While digging through my photos I came across one showing a mysterious piece of machinery in Funter Bay. That’s me standing on top of it, I’m going to guess it’s around the year 2000.
After visiting the Lake Superior Marine Museum in Duluth (actually for the 3rd or 4th time, it’s great!) I realized that this thing looks a lot like a compound marine steam engine. Some examples are here. Unfortunately I don’t seem to have any other photos of this one.
This thing is only visible at extreme low-water (a minus tide), at other times it is mostly submerged. It lies off the former end of the pier at the Funter Bay cannery, leading me to believe that it’s either from a sunken fish trap tender, or equipment which was mounted on the pier at the cannery.I do not recall seeing obvious boat wreckage around the engine, but things decay so fast underwater that any wood is likely long gone, and any metal is mixed in with general trash and debris from the cannery, making it harder to identify. Large ships are shown docking at the cannery pier in the 1940s, so it’s unlikely that anything sank and was left there prior to that time. The engine and any remaining hull structure would have been a hazard at low tide.
The pier-mounted origin seems a little far fetched, the cannery mostly used mechanical power take-offs from large low-horsepower gas engines, so why would they have a steam engine mounted on their dock? The main dock-end equipment would have been a “Fish Elevator” (basically a conveyor belt) to unload salmon from scows. This image is labeled “Funter Bay… Indians Pitching Fish in Elevator”. This image shows another view of such an elevator, as does this one. This photo shows the upper end of a fish elevator, obviously powered by overhead pulleys and belt drives (as was most of the cannery equipment at Funter). I would not expect a steam engine to be used just for the elevator (and in fact, the elevator seems to have been in a different building from the spot where the steam engine lies).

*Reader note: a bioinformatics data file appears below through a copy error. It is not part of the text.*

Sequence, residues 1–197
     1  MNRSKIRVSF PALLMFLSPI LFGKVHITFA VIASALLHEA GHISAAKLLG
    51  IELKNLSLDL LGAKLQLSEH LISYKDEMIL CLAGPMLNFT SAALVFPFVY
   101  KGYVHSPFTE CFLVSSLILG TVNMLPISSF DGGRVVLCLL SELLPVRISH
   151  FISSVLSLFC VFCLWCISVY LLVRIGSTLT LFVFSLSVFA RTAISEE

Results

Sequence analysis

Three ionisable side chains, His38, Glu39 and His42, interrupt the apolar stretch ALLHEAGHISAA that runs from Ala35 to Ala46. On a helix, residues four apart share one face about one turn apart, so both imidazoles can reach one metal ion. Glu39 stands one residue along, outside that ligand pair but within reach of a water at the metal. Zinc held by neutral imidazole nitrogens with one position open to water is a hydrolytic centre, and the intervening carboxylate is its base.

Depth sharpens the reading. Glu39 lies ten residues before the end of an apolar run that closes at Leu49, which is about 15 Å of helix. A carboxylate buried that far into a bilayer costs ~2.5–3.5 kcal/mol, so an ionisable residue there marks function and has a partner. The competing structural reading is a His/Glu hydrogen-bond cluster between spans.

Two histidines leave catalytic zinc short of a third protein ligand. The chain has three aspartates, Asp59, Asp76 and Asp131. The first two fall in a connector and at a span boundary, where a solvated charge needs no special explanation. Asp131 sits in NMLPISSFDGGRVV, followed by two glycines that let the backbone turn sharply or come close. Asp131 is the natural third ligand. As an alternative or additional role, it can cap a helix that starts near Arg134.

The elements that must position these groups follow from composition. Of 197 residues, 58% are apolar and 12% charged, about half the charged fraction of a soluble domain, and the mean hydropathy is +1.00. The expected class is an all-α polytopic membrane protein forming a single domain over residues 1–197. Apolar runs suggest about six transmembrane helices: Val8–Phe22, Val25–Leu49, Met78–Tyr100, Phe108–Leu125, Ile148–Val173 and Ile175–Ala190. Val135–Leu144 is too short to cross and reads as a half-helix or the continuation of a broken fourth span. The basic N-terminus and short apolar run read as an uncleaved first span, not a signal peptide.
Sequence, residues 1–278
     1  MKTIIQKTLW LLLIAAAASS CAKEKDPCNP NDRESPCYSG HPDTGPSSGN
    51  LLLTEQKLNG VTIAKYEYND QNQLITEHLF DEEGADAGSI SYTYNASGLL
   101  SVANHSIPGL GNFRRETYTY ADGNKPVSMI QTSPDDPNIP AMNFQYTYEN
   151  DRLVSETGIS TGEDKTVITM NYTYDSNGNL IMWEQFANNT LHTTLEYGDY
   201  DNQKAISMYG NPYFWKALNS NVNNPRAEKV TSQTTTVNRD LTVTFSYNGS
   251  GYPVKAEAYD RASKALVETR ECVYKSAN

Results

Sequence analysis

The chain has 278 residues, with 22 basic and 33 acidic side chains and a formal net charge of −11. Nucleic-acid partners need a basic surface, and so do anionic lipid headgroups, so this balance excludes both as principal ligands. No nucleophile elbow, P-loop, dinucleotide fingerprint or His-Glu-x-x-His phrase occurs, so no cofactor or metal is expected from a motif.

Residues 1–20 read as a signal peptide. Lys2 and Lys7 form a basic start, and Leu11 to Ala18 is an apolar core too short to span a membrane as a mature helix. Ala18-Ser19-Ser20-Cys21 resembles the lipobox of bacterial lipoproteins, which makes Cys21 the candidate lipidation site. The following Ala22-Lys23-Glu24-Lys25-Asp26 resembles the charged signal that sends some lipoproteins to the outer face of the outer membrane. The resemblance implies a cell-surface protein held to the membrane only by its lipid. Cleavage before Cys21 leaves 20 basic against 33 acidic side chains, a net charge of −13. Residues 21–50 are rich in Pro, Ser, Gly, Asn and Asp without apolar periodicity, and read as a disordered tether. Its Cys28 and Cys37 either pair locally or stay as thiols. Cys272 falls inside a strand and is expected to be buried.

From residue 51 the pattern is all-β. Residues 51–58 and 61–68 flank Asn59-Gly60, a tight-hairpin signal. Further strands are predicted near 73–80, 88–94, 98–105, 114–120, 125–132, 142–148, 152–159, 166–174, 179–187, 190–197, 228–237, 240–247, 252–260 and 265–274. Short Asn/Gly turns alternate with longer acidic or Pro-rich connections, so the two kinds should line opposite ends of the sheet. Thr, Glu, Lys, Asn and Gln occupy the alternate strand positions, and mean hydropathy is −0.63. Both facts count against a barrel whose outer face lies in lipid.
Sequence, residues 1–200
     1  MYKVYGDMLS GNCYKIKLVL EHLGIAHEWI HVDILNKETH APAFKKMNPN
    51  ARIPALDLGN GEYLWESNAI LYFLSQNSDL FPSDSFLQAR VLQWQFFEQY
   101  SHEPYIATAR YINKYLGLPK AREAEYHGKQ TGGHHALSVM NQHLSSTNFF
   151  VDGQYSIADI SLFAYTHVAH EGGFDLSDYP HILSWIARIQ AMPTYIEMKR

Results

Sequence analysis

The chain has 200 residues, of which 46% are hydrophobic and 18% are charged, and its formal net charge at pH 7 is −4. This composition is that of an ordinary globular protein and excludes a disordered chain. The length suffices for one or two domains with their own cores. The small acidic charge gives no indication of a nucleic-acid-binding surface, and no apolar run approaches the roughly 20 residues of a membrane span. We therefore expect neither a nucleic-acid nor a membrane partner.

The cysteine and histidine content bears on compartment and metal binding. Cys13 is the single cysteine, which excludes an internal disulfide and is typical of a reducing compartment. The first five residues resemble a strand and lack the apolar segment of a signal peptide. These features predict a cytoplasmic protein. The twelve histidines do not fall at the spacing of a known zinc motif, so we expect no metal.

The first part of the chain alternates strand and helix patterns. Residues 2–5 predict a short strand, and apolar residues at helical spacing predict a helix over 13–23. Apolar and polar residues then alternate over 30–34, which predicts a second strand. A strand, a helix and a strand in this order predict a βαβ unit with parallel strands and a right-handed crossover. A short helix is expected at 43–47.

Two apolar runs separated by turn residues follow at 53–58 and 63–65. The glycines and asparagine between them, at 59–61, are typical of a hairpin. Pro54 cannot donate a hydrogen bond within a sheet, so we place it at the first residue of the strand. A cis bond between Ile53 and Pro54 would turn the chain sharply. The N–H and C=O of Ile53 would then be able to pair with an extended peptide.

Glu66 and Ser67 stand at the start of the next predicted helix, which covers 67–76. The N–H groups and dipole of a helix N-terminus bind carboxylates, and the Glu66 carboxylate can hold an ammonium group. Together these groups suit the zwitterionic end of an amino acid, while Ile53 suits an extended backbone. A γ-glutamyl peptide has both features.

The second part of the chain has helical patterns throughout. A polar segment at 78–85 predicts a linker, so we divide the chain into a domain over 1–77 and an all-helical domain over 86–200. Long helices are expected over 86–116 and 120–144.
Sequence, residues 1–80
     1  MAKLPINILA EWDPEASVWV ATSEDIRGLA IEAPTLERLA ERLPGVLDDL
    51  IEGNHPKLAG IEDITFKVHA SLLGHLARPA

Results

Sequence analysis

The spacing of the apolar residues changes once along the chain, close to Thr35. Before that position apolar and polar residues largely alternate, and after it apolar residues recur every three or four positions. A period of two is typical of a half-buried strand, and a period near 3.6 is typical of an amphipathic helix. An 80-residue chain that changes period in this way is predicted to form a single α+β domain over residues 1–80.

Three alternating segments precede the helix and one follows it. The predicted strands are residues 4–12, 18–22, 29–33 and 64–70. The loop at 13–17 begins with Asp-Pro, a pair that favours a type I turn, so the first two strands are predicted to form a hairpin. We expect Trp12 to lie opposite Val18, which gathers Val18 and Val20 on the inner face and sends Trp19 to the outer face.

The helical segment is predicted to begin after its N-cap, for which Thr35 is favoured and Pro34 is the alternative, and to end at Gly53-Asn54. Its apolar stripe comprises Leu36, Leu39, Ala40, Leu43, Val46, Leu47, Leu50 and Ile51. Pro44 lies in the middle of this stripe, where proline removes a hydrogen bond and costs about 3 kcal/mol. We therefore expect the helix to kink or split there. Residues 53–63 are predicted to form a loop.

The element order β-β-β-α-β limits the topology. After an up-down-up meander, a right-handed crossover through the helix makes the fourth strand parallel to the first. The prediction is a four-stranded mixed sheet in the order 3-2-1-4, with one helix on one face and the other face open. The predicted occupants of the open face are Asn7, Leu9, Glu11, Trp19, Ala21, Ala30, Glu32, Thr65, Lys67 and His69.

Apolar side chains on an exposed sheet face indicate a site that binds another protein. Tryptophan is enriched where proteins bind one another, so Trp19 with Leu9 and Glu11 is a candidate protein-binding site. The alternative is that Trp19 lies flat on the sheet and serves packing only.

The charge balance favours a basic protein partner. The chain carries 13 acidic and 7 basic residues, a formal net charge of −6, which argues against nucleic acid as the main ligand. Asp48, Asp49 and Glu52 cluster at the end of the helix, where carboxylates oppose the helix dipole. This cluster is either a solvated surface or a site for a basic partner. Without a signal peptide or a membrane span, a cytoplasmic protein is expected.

Cannery site ca 2008, with steam engine circled in red:
From the Alaska Shorezone Mapping project.
The same location in 1948, approximately at the end of the cannery pier:
Cannery pier in 1907 showing tender tied up about where the engine is now, and the fish elevator with scows docked next to it.
The cannery area in 1979, showing how the buildings had begun collapsing (there’s not as much structure overhanging the bay as there was in ’48). Approximate steam engine location is circled:
Another explanation could be that this was salvaged from a wrecked cannery tender elsewhere, left on the pier when the cannery was abandoned, and fell into the water when the structure started collapsing around the late 1950s/early 1960s. If so, it’s surprising that it landed basically upright. A candidate for this possible origin could be the mystery wreck on Highwater Island, which seems to have had a boiler but has no sign of an engine. It could also have been removed from a tender during a refit to gas or diesel, and left lying around on the pier, but this seems like a stretch as well (it would be more likely they would have refitted in a marine yard in Seattle or Astoria, the Anna Barron is sometimes mentioned in publications like Pacific Motorboat as undergoing maintenance in Astoria.
None of the cannery tenders that I’ve previously discussed seem to match. Of the original T.P. Co. boats I know of, only the Anna Barron and the Buster had steam engines, Buster‘s was replaced with a gas engine prior to 1926. The captain of the Anna Barron was reported as saying the vessel could be raised, but I am not sure if they salvaged the engine or anything else from it. (Oddly, this document gives a different story of the Anna Barron‘s sinking than this page, which I previously quoted, although both seem to be using similar source documents. The BOEM page seems to be saying Albert Michaelsen was the captain (vs George Black), that they were coming from Hoonah (vs Funter), that the engine head burst, and that the vessel drifted towards Point Howard before grounding at Pt. Ainsley, and the crew swam 20ft to shore).
Later cannery owner P.E. Harris Co had quite a few boats, in 1956 these included the Amelie, Cape Douglas, Health, Jim B, Kathy B, Marina G, Morzhovoi, Norse Maid, Orcas, Thrasher, Trojan, Glasenap, Izembek, Fairweather, Moha, Pat B, and Seakist. However, none of these seem to be steam-powered (steam was largely obsolete by the mid 20th century). By 1962 the company had become Peter Pan Seafoods, and vessels included the Carmen B, Denis N, Dream Girl, Mariner, Reliance, Alf, and Western Sea. Again, none of these appear to be steam powered.
At this point I’m still stumped on both those mysteries (what boat sank at Highwater Island, and what boat (if any) was the source of the compound steam engine at the cannery?
If anyone reading this knows steam engines or has any ideas for tracking down these mysteries, please let me know! You can leave a comment below, or email me at gabe<at>saveitforparts<dot>com.